Reflecting on the martial art that I practiced since 1981, Soo Bahk Do Moo Duk Kwan, there seems to be one word that constantly comes up, the “connection.”
Through the practice of this traditional Korean martial art I found that this one word seems to tie in all the various aspects of the art on so many levels.
The Instructor/ Student connection:
Beginning with the very first connection,the introduction to my instructor. Though the years of training under him we became connected not only through the martial art, but also because of our common beliefs and values. This connection is vital in my belief to traditional martial arts. It is through this ongoing connection from an instructor to student, both past and present that the art maintains its history and traditions.
The connection with our instructor is bonded through the rigorous training, the mental connection, and physical practice forming a special bond of respect. We both strive to preserve its traditions, history, philosophy, discipline, and techniques through mutual respect.
Connection of ourself:
In this connection we further begin to explore our own personal connection within ourselves as our instructor guide us. The first thing that becomes evident is exploring the mind and body connection. Our intent and motivation opens up the pathway to bind this connection.
When the mind and body become connected our internal attributes reinforce the harmony within the body. In our lives, especially, in the times when there never seems to be enough “time”, we risk loosing the connection.
The connection of breath and movement create natural energy when allowed to be natural and not driven by the “need” to sound good. It becomes a living example of, in this case, the Ship Sam Seh. The poem of the guidelines to the martial art the Founder of our art, Chang Shi Ja Hwang Kee felt it was so important to include in the arts foundational Philosophy.
As a student we strive to connect the three aspects of ourselves, mind,body and spirit. When we are able to become totally focused on the moment being not distracted by things that try to pull us away from the moment, we feel total harmony.
The connection with fellow Practitioners:
Training alongside fellow students is the next connection that occurs.
The brotherhood that can be found through our mutual objectives and goals fortify this connection. The relationships created in this environment can be lifelong. Even over great distances, we feel this connection that is not bound by location, language, and cultures. The art connects us in the training and mutual beliefs in its values we share. These relationships extend way past the training floor in the Dojang. Connections are both visible and invisible. Visible in the actions we take in physical and mental performance and actions. They are invisible in our feelings,emotions and spirit which we share but become visible to others. Situations like training, testing, and demonstrating with our fellow practitioners embed our history, traditions and philosophy in our very core.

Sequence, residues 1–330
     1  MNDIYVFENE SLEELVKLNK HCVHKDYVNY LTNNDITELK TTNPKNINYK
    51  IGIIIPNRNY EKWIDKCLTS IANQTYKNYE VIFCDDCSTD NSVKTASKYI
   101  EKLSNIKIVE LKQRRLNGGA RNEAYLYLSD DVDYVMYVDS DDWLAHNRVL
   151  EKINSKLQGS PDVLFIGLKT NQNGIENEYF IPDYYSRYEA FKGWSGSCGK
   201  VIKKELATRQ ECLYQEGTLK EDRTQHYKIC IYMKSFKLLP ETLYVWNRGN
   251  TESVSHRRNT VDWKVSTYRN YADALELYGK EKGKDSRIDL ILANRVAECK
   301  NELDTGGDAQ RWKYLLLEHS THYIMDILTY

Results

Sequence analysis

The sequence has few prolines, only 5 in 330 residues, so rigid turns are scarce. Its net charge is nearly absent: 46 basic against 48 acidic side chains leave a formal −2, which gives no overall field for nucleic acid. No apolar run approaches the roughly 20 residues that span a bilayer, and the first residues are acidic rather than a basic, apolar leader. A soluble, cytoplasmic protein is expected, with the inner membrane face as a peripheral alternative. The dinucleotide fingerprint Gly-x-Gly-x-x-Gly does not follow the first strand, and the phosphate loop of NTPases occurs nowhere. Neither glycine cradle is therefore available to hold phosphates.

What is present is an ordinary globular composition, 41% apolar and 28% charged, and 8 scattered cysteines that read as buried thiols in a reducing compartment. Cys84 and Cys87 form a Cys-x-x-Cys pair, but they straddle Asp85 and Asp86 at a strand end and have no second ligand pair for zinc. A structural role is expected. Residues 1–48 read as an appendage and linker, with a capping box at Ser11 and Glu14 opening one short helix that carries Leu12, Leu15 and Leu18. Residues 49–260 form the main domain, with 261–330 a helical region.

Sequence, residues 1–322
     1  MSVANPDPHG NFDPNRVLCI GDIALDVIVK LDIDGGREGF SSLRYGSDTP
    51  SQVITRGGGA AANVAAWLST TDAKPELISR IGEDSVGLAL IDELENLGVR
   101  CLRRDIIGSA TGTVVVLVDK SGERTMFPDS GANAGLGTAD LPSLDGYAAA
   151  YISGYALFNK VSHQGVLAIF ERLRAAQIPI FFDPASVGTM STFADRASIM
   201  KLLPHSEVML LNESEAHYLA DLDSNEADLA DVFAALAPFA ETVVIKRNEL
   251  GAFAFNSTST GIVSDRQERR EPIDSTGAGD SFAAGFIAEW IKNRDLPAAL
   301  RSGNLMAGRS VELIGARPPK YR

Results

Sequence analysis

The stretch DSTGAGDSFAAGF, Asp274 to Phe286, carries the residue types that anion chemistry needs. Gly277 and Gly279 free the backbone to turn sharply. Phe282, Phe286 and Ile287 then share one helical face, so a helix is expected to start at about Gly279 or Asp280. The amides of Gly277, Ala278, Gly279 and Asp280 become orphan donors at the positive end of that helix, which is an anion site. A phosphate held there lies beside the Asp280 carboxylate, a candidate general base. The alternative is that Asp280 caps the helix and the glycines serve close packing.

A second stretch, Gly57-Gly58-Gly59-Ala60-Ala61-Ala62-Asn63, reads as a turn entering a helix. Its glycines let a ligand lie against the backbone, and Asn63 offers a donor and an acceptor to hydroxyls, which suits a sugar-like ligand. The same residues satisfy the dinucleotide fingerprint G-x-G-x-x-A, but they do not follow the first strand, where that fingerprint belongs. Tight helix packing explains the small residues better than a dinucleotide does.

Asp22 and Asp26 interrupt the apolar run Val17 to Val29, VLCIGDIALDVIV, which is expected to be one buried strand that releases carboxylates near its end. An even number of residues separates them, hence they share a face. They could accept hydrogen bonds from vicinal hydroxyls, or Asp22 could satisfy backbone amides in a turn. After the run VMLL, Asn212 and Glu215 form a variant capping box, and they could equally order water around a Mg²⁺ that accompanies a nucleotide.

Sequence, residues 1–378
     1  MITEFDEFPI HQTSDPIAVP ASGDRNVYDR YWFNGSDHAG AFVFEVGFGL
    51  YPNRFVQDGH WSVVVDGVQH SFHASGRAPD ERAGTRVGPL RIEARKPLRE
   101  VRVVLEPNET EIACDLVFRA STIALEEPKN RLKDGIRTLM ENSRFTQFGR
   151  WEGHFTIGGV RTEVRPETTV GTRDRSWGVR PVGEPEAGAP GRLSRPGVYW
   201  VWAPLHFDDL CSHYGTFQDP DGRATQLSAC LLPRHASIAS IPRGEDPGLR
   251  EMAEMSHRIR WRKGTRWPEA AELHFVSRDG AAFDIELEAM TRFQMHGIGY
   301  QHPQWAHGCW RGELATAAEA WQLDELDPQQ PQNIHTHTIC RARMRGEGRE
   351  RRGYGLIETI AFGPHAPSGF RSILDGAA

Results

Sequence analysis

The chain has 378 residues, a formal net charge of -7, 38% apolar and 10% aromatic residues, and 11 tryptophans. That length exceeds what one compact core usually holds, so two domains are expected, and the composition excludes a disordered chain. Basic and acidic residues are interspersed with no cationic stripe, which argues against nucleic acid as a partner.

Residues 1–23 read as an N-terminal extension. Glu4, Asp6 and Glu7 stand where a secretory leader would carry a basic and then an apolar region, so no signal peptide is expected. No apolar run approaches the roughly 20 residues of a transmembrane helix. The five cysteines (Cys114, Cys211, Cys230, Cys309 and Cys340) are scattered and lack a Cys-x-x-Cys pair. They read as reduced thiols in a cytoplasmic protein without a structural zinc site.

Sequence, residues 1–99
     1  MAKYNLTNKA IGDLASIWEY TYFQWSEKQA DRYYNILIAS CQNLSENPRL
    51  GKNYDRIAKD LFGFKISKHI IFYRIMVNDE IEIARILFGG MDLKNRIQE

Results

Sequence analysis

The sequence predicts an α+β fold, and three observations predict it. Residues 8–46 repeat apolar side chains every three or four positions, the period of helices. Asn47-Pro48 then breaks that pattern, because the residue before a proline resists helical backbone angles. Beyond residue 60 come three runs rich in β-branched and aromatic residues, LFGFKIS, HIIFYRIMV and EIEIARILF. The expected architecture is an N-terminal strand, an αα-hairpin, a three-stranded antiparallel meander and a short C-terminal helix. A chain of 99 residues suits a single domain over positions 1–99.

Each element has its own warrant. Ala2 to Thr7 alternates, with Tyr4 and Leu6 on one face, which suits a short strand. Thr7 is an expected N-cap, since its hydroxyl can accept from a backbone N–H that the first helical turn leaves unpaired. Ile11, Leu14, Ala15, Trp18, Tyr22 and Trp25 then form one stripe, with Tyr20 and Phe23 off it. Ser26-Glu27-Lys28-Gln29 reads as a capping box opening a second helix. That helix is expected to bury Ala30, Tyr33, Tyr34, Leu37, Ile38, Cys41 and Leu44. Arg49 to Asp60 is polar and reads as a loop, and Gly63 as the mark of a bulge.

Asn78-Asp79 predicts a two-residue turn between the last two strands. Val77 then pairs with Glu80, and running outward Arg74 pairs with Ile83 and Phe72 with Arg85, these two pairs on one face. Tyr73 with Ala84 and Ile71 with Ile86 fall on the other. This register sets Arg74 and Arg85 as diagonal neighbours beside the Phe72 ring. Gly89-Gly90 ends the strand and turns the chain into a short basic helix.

Connection with our past:
This connects us to those that came before and walked the path to greater understanding. The senior members that paved the way for us through their own trials, hardships and passion to share the art for future generations. We may have never met these individuals but we share the common connection because of the art. When we pause to think about a different time and place, that our seniors lived in and had such desire and passion that they withstood the hardships to connect with those they might not ever meet.
Connection with family:
During the pandemic, people, and families faced many new challenges they never expected. However, it allowed the “opportunity” to take the time to strengthen the connection with our family. Parents and children adapted to connect in this “new” situation. This situation is one that many say they wish they had time for, however it, for some became quite a challenge. As practitioners we also had a new challenge, to stay connected with our instructor and fellow practitioners. Our discipline was tested. But many adapted in any way possible. Through non present, Zoom, and other modern methods and even to adapt how we trained in person became the Avenue for the connection. Knowing the value and importance of this connection it pushed us to adapt due to value to our being.
These are just of the FEW of insights I pondered about. Each day gives us the opportunity to connect in some way, and it’s importance of that moment can be positive or negative depending on how we approach it. The more I thought about it, the more things unfolded on all levels because of one word. “Connection”.